1. Compare Tmin - Tdew (Tdew measured or computed from ea using equations (11) or (12) in Annex 3) from a non reference site with those from a reference site using a graphical procedure such as in Figure 6.2 and using monthly ratios of Precipitation/ETo as the abcissa. Daily or monthly data are utilized to compute Tmin - Tdew.

2. When differences Tmin - Tdew for the non reference site are systematically higher than about 2°C relative to the reference site, then compute the average differences

D T = Tmin - Tdew (6-1)

for the months which require correction (in general this will occur when the monthly ratio Precipitation/ETo does not exceed 0.5).

Or, if comparing Tmin - Tdew from the nonreference sets to Tmin - Tdew from the reference site, then calculate D T as:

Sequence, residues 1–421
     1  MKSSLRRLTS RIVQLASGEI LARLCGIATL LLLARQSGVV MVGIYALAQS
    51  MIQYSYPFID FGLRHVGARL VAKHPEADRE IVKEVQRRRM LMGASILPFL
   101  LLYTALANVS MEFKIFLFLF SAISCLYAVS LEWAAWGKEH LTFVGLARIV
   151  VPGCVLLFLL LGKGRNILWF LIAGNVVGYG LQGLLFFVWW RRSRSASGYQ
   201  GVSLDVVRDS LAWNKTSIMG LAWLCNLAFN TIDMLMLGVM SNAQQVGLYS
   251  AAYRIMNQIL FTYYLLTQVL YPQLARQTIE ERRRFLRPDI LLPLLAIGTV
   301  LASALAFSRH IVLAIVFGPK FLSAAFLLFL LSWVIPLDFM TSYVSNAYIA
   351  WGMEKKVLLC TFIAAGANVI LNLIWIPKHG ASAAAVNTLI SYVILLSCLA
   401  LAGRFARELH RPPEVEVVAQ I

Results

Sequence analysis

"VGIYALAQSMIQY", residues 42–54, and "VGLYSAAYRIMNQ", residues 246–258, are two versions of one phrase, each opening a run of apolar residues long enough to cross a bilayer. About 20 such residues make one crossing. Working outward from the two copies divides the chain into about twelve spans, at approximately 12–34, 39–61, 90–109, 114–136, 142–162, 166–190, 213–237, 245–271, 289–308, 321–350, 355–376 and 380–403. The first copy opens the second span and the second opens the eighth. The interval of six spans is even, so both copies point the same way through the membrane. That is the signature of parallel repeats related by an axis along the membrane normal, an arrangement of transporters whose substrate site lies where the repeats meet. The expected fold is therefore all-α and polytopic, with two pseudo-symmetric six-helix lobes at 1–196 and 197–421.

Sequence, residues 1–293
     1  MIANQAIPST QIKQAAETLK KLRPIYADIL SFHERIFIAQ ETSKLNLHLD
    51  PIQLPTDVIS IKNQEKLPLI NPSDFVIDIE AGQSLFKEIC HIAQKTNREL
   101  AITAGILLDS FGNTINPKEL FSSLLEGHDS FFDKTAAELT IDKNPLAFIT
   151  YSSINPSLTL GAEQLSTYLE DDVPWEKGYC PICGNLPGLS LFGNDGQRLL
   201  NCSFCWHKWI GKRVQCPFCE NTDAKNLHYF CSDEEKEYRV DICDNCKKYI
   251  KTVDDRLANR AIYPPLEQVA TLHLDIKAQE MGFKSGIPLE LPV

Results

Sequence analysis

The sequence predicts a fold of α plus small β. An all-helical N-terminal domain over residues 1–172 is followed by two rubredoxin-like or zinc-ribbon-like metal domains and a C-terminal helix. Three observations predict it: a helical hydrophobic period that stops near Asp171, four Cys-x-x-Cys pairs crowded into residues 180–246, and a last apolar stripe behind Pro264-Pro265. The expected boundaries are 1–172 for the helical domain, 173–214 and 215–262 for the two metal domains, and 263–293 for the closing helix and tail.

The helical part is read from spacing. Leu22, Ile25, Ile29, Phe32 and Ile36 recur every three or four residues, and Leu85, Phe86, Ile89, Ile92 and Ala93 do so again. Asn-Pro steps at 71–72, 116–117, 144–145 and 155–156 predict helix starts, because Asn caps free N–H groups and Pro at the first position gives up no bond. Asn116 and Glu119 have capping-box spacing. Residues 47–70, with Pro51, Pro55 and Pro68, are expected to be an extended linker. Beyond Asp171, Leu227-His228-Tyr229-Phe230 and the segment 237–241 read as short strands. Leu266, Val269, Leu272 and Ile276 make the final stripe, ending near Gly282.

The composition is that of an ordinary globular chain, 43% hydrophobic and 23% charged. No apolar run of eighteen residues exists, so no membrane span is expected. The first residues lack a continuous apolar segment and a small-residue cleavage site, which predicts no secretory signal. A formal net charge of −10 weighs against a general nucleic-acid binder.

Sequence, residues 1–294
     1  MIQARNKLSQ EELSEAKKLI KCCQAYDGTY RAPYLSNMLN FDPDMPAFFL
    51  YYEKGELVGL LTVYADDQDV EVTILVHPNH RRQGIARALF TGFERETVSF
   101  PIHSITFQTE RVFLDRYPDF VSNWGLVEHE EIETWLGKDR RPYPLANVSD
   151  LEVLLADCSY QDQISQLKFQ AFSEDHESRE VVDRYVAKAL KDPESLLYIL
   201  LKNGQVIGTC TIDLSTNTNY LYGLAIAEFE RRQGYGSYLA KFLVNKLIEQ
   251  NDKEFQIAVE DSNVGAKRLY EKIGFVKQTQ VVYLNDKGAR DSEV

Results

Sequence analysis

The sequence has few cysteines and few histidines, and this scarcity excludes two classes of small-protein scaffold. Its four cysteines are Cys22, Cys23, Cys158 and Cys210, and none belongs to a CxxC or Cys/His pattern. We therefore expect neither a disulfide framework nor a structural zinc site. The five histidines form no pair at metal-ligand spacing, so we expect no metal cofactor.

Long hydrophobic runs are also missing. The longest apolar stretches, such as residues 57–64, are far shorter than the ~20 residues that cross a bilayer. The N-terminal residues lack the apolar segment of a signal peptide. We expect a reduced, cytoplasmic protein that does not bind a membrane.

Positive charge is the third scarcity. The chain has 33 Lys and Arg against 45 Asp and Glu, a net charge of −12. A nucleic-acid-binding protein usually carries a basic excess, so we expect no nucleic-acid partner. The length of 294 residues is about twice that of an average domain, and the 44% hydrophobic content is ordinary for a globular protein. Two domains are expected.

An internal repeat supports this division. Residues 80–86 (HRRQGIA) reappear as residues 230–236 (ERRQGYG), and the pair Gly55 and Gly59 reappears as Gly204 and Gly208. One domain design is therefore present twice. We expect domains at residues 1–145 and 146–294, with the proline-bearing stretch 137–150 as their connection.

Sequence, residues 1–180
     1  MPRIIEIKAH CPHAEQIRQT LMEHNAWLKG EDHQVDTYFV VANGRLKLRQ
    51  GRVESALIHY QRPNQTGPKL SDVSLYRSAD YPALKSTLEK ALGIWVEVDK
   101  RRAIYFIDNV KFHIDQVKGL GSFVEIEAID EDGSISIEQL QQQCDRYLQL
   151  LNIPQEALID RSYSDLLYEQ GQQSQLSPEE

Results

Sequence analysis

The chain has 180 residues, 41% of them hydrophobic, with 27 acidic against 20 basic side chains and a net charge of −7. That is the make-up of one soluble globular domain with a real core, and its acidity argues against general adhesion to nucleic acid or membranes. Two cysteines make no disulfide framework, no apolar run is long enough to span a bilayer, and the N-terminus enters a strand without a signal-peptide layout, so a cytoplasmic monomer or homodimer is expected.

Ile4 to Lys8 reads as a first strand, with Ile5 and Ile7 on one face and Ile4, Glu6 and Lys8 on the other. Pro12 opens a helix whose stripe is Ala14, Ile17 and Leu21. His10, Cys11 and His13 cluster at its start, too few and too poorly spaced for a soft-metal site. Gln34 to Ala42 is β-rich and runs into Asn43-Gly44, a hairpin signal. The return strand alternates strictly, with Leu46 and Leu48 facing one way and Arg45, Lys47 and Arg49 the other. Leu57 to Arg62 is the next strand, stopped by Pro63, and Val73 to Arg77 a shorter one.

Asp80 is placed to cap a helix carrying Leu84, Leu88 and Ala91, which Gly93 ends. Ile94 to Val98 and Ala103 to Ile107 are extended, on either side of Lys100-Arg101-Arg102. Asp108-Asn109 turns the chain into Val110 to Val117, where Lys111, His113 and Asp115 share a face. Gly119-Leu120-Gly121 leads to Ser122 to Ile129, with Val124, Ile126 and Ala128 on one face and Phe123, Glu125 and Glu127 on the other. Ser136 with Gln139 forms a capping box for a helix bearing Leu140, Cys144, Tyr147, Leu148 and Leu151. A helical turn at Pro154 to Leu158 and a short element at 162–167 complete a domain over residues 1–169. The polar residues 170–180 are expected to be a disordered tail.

D T = (Tmin - Tdew)n/ref - (Tmin - Tdew)ref (6-2)

3. Correct temperatures for each month (or day) by:



for D T > Ko, where subscripts cor and obs refer to corrected and observed values, respectively. Ko is a "conservative" factor equal to 2°C when the nonreference station is not compared to a reference station (D T is from Equation (1)). Ko = 0 when D T is from Equation (6-2).

4. Correct Tdew for the same months or days as:


where Ko has the same value as for Equations (6-3) and (6-4), and utilizing either the observed or the calculated values for Tdew (equations (3-11) or (3-12) in Annex 3). The user should always insure that (Tmin)cor ³ (Tdew)cor.

5. Compute ETo with the corrected values for Tmax, Tmin and Tdew.